F speed also accomodates a wider range of processing conditions and is exceptionally tolerant of processing variations
T or F film speed can be increased by processing at a slightly higher temp
T
however its not recommended as it can create fog and graininess
What can lower film speed
processing in diluted processing solution
Film fog is described as
unwanted blackness by exposure to radiation other than primary beam
What is film latitude
Measure of range of exposures that can be recorded as distinguishable densities on a film
Films with wide lattitude have what characteristics with respect to contrast
Lower contrast
What are the optimal storage conditions for xray film
50-70 deg F or 10-21 deg C
30-50 % humidity
What can storing film in dry conditions lead to
artifacts or static electricity marks on the processed film
When storing extraoral film boxes what should you take precaution in doing
store it on side of box to prevent warping
Open boxes should be stored in the xray room
false, store outside the xray room
What can storage of film in a refrigerator cause
condensation on film and black marks
What are some things that can cause film damage
Heat, light, bending and pressure
What are the four layers of the intensifying screen used for extra oral films
Base, reflector, Phosphor layer and overcoat
What is a synonym for extraoral film
screen film
What is the process that happens in an extraoral film which produces the image
Energy of xray beam converts to light by the phosphors in the intensifying screen being exposed to radiation. this light exposes the film to form the image
What are the properties of an intensifying screen
sturdy, moisture resistant, chemically inert, flexible and contains no impurities
What are the intensifying screen materials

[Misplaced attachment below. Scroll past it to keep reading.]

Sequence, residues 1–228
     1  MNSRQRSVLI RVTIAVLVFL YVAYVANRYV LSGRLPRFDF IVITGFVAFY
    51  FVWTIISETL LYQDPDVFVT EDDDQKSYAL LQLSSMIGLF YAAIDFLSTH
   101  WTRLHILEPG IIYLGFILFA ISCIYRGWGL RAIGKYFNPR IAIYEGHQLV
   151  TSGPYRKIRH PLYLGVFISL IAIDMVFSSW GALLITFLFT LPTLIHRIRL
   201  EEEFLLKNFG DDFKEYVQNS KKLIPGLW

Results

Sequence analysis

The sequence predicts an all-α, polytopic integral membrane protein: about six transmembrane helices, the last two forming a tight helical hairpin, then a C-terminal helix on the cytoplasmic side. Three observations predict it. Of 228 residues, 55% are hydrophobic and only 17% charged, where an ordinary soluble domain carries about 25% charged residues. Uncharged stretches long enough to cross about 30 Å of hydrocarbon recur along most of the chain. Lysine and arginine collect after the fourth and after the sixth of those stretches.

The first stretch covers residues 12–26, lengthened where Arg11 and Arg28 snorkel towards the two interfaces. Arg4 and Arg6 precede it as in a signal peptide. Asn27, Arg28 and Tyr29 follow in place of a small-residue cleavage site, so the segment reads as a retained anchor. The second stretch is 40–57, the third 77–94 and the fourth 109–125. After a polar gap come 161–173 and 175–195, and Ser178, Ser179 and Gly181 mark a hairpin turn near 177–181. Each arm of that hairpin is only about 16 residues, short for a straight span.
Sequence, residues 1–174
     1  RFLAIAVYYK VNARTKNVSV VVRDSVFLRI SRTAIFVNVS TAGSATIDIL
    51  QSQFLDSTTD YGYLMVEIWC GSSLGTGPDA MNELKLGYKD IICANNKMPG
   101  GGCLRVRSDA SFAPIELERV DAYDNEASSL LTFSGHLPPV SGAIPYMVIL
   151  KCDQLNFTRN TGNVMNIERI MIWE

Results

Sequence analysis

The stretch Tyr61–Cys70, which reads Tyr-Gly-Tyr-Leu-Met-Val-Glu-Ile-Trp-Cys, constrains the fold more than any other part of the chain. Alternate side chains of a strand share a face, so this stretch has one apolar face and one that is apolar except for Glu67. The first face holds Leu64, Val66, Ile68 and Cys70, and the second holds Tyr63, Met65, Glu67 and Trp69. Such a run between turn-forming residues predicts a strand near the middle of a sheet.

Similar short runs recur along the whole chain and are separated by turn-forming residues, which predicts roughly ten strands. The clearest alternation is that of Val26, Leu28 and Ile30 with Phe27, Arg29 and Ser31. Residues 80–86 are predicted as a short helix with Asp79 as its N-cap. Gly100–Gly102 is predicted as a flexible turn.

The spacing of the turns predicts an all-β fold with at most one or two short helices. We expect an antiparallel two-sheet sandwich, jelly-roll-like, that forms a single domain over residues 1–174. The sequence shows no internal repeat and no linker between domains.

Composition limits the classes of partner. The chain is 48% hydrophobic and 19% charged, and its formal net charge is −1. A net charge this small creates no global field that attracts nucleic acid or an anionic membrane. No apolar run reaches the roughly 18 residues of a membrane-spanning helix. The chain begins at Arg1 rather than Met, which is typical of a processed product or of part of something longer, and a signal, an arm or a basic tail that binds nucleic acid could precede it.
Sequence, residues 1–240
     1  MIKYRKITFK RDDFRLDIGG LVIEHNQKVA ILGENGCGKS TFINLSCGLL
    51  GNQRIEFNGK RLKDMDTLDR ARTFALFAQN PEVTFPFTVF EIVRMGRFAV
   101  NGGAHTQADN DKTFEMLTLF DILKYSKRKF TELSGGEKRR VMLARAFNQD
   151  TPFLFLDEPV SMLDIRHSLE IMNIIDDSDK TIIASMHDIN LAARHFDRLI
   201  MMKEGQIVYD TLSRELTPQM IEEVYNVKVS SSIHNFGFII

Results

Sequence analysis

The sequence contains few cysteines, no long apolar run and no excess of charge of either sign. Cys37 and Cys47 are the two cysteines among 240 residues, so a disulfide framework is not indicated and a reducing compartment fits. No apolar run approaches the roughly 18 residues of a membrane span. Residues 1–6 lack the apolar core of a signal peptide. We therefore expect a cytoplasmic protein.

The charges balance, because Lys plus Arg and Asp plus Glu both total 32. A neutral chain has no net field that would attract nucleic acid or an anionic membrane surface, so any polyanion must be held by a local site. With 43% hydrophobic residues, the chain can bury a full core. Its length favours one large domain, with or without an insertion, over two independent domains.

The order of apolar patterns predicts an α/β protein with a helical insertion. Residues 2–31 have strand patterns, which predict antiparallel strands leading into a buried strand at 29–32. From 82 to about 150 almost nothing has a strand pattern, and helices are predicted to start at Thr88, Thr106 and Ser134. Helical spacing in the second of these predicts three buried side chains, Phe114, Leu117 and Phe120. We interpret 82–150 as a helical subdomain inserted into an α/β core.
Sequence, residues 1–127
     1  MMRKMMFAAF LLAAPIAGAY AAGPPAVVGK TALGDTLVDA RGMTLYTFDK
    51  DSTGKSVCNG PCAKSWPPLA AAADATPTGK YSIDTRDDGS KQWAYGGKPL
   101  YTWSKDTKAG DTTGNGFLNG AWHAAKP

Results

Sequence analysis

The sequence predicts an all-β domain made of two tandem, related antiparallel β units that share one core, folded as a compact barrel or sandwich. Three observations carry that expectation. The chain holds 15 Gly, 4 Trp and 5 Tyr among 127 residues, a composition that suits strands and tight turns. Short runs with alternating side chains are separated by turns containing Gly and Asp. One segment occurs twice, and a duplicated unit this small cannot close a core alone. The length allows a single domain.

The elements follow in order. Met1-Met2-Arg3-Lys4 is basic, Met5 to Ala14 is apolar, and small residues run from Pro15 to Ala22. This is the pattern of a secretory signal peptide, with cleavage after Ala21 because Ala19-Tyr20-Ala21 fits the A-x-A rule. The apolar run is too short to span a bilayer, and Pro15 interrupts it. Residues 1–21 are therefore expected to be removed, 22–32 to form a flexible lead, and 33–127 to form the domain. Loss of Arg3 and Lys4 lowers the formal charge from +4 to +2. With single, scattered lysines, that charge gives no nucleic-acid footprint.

Calcium tungstate(blue)
Rare earth phosphors used as intens screens
1 Gadolinium oxysulfide(green)
2 lanthanum oxybromide(blue)
3 yttrium tantalate (blue)
Why do manufactures recommend matching emission and absorption characteristics of intensifying screens and films
Different intens screens have different emissions and different films have different absorption characteristics
What are some of the effective doses of the different types of intensifying screens
Calcium Tungstate - single panoramic 14 microsieverts

Rare earth Intensifying
single panoramic - 7 microsieverts

NOTE Poster - Anterior View 7-17 microsieverts but not sure if this is shows difference between 2 types or is an estimater for rare earth's
Which type of intens screens require less radiation dose
Rare Earth
What are some advantages and disadvantages of extraoral film
Advanatges
Reduced patient dosage
diagnostically acceptable image

Disadvantages
lack of fine anatomical detail
What are some of the uses of extraoral films in dentistry
Panoramic, Post-Ant or Lateral Cephalometric
What are the most common causes of poor screen-film contact
Worn contact area
loose or bent hinges
warped screens caused by moisture
warped cassette front
cracked cassette frame
foreign matter under the screen
what are some function of grids
used to reduce scatter radiation
placed betweem subject and film
only used when increased contrast is needed
What is a disadvantage of grids
Higher exposure is needed(approx double)